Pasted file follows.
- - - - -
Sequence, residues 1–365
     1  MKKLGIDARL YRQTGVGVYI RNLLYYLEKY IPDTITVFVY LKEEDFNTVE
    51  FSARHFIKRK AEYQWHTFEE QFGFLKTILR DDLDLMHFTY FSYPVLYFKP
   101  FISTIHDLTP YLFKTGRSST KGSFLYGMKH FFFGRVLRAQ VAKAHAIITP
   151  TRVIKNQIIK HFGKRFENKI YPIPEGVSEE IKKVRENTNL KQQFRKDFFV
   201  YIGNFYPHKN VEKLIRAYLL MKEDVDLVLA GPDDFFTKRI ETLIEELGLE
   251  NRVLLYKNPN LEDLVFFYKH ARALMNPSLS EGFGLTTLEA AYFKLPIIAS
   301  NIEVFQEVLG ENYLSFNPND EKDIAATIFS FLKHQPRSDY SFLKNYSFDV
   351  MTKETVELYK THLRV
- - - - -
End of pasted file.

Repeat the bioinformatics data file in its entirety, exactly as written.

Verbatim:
Sequence, residues 1–365
     1  MKKLGIDARL YRQTGVGVYI RNLLYYLEKY IPDTITVFVY LKEEDFNTVE
    51  FSARHFIKRK AEYQWHTFEE QFGFLKTILR DDLDLMHFTY FSYPVLYFKP
   101  FISTIHDLTP YLFKTGRSST KGSFLYGMKH FFFGRVLRAQ VAKAHAIITP
   151  TRVIKNQIIK HFGKRFENKI YPIPEGVSEE IKKVRENTNL KQQFRKDFFV
   201  YIGNFYPHKN VEKLIRAYLL MKEDVDLVLA GPDDFFTKRI ETLIEELGLE
   251  NRVLLYKNPN LEDLVFFYKH ARALMNPSLS EGFGLTTLEA AYFKLPIIAS
   301  NIEVFQEVLG ENYLSFNPND EKDIAATIFS FLKHQPRSDY SFLKNYSFDV
   351  MTKETVELYK THLRV